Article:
“Lovely” is the word that comes to mind watching this.
Those loveable popsters Saint Etienne have become quite the movie producers in recent years, having made three films about London in collaboration with director Paul Kelly. They’re hard to come by in the States so I’ve only seen the first one Finisterre, an impressionistic tribute to the city which I highly recommend.
Their new one How We Used To Live uses old footage from the BFI Library to tell the story of London’s past during the ‘New Elizabethan’ age from the 1950s to the Thatcher era — a sort of prequel to Finisterre — and looks absolutely marvelous.
The film has been selected to be part of the London Film Festival and lucky Londoners (or anyone in town at the time) can get to see it next month. I’m sure I shall see it myself eventually if it ever makes its way to this side of the pond in some form or other.
I went to two concerts in three days last week, I don’t think I even did that at the height of my gig-going early 20s. The two shows and artists couldn’t have been more different, except that they were both fantastic. All the videos here were shot by my lovely wife at the actual shows.
First up on Thursday night was Father John Misty with his California-flavoured country-rock. The audience was all plaid shirts and beards, and for an encore the band did a cover of Canned Heat’s “On The Road Again” which should give you the general vibe. Old-timey dude rock can still be a wonderful thing with a band as tight and skilled as this lot were, and Father John (aka Josh Tillman) is a terrific front man, all slinky Jagger-esque moves and laconic stoner humour. Man has a hell of a voice too.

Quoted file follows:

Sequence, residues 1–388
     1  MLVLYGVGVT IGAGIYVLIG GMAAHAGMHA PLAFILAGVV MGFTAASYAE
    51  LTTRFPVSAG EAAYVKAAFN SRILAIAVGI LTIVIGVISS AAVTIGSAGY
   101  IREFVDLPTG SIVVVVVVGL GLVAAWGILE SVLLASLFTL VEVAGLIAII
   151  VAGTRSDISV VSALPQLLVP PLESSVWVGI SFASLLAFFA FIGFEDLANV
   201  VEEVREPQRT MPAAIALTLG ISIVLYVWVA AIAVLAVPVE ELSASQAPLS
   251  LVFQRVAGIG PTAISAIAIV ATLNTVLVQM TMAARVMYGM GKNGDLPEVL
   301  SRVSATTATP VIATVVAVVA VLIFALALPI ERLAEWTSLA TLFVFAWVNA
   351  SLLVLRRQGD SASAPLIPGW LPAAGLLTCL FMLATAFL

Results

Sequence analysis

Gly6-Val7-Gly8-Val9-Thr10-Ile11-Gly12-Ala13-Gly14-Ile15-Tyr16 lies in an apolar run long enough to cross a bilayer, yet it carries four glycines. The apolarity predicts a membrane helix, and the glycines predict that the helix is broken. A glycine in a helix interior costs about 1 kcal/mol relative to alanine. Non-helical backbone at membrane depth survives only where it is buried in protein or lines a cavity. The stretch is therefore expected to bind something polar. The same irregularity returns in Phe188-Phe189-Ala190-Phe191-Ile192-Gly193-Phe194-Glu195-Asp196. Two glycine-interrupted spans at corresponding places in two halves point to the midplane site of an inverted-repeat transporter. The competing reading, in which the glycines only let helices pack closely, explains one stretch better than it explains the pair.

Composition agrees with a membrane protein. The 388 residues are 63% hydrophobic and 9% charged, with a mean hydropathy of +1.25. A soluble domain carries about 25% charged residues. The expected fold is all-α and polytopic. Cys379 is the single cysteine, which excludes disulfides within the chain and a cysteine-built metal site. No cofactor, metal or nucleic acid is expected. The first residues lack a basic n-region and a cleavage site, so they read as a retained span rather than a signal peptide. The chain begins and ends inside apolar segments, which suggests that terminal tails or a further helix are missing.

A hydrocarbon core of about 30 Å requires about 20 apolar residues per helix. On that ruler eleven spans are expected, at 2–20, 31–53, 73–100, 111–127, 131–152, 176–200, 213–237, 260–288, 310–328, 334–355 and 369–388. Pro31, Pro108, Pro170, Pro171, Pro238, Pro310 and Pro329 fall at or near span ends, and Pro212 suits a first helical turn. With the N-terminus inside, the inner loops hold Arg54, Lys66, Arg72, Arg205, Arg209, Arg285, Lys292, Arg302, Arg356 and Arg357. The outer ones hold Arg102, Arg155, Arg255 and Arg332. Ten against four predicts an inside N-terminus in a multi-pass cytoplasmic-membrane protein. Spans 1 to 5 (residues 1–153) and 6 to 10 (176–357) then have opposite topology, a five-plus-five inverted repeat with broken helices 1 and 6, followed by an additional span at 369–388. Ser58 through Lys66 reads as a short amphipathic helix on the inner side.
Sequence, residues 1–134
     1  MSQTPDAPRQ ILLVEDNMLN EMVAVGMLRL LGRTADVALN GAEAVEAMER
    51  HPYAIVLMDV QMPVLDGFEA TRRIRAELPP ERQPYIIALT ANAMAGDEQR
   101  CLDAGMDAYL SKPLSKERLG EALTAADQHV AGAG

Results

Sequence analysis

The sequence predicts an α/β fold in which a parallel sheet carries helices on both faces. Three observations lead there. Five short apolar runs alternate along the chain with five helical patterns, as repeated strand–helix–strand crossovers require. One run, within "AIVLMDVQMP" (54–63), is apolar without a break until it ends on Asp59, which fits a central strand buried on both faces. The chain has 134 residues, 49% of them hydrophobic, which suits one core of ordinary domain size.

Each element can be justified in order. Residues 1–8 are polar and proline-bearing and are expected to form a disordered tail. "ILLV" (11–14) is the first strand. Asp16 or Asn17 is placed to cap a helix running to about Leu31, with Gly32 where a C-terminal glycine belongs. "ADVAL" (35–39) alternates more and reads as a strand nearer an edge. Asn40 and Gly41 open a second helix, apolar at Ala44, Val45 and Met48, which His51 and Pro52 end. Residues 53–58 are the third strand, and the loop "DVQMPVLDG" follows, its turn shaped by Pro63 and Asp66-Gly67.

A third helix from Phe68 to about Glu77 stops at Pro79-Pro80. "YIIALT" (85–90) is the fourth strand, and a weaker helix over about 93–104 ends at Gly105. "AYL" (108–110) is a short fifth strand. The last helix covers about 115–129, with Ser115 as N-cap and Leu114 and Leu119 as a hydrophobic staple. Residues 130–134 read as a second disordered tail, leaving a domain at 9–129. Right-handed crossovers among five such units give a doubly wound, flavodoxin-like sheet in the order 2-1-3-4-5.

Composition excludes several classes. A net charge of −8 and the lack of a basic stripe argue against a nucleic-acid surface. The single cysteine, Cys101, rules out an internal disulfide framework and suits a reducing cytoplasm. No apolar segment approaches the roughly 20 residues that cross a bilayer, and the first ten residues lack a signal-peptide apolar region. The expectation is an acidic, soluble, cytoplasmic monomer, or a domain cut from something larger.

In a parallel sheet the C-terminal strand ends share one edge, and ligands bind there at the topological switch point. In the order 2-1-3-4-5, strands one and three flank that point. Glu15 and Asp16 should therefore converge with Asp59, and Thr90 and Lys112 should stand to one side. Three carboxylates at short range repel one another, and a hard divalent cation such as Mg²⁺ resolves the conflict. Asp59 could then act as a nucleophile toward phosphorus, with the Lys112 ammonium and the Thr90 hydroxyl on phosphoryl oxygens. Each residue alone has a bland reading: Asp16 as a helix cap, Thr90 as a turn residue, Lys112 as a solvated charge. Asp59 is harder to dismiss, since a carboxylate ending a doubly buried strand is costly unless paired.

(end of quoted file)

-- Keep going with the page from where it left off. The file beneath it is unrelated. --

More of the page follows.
The next band we were seeing would have to be very good to top that show which made me a little nervous as the next band was Saint Etienne. Sorry, I mean OMFG SAINT ETIENNE!!!!!!
St. Et exist in an alternate pop universe from the very trad, dad Father John Misty, with the “band” being Pete and Bob standing behind a bank of synthesizers and Sarah Cracknell (swoon) vamping it up like the indie disco queen in her sparkly dress and feather boa — the only “real” instrument being the cowbell played by backing singer (and semi-legend) Debsey Wykes.
Whatever nerves I had evaporated a few seconds into the opening number “Lose That Girl”, and the wildly enthusiastic cheers and gleeful, arm-waving singing-along from the audience that greeted every number made me realize that the place was filled with people like me: fans from way back who have never had the chance to see them live before and were just beside themselves with joy that finally, here they were. I think Sarah and the band were pleasantly taken aback by the delirious noise and appeared quite chuffed by it — at one point I saw Bob exchange a sheepish grin with Debsey that seemed to be saying “Blimey!” It was a magical night for me too, I was smiling and dancing and singing the whole time.